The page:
Working together?? Away with you bringing common sense to the debate. You'll get nowhere with that attitude young man! Building a wind farm is still a very individual thing. I know of several wind farms where the landowner went grouse shooting on a neighbouring estate that had a wind farm and then came back and said he'd like one too. Money in from shooting and money in from the wind farm. Easy when you have 50 000+ acres to play with!!
jkarran - on 19 Oct 2016
In reply to summo:
https://corporate.vattenfall.co.uk/globalassets/uk/projects/south-kyle/ocms-1-road-and-wind-turbine-construction.pdf

Seems my guess for foundation size was in the ballpark, out by a factor of 2 in volume but the right (pessimistic) side.

edit: what energy transport resources do you refer to? There must be a pretty hefty HT line running south from Dounreay already.
jk
Post edited at 16:11
summo on 19 Oct 2016
In reply to galpinos:

> I'm a bit baffled why it'd need to be transported to the other end of the country? Is there that much power generated in that part of the country they want to export it? I assumed it would be used locally negating the need to use electricity that had been generated in the south?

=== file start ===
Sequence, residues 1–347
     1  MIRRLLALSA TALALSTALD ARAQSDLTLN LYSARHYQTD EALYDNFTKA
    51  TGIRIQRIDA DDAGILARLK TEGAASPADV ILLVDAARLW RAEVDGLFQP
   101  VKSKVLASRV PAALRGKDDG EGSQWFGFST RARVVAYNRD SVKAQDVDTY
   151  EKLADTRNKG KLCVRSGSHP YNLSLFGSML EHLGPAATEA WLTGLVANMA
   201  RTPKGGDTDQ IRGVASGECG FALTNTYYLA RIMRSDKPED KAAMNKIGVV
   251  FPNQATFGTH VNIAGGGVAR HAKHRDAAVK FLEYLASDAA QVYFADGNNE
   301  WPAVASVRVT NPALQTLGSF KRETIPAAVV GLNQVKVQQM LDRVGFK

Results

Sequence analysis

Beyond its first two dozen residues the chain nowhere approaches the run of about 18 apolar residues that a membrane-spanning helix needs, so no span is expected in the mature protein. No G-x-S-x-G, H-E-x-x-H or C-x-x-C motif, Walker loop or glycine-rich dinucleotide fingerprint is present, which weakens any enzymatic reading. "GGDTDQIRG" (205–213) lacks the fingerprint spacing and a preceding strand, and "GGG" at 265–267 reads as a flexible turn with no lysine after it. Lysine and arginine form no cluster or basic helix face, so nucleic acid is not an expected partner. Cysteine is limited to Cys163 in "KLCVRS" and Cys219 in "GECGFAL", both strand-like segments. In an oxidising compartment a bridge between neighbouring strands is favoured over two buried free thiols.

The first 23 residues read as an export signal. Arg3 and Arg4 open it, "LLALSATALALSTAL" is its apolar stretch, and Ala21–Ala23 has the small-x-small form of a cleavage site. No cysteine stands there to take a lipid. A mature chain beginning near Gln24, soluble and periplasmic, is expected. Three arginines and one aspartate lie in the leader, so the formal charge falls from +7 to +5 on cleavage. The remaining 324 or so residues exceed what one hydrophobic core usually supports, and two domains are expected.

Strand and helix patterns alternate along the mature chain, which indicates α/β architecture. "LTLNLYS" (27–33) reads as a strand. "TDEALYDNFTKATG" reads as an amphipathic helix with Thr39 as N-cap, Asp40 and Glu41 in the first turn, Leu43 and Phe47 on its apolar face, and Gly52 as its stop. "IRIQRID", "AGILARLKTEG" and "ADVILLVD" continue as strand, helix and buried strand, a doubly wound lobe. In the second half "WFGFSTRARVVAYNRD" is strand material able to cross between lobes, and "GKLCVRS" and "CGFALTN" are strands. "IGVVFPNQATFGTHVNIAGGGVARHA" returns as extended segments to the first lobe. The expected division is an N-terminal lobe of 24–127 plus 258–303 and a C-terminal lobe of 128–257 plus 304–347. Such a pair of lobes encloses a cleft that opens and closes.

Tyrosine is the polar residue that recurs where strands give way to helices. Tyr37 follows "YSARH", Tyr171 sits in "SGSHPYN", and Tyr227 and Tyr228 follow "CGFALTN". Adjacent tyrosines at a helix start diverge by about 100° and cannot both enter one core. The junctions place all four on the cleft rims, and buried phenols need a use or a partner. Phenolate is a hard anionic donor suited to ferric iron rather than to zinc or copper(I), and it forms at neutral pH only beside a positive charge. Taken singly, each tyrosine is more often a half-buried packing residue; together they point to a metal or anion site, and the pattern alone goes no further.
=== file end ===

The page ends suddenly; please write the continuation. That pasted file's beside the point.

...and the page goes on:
up to 72MW sounds like quite a large amount, roughly 1MW per 1000 homes ( I think). I imagine there is sufficient generation in that part of the world already?
summo on 19 Oct 2016
In reply to jkarran:

> : what energy transport resources do you refer to? There must be a pretty hefty HT line running south from Dounreay already.

perhaps there is, it just seems generation is being positioned along way from the end user. Must be a bit of breeze in the Cotswolds to spin a few turbines.

ring ouzel on 19 Oct 2016
In reply to summo:

Exactly! Well except for the turbines and their components which are all made in Denmark and all assembled by Danish crews. Oh and many of the landowners I am dealing with are Scottish. Oh and the Balance of Plant crews who may be Scottish but could just as easily be Welsh or Irish. Several developers I have worked with are Scottish, Norwegian or German (no English ones). But apart from the turbine crews, the landowners, the Balance of Plant contractors and the developers; it's English all the way - not!
galpinos on 19 Oct 2016
In reply to summo:

The most northerly "power station" is Peterhead. There's a fair bit of wind up there already but that's it, seems sensible to me?
Martin W on 19 Oct 2016
In reply to AllanMac:

> Edit - Creag Riabhach Wind Farm website: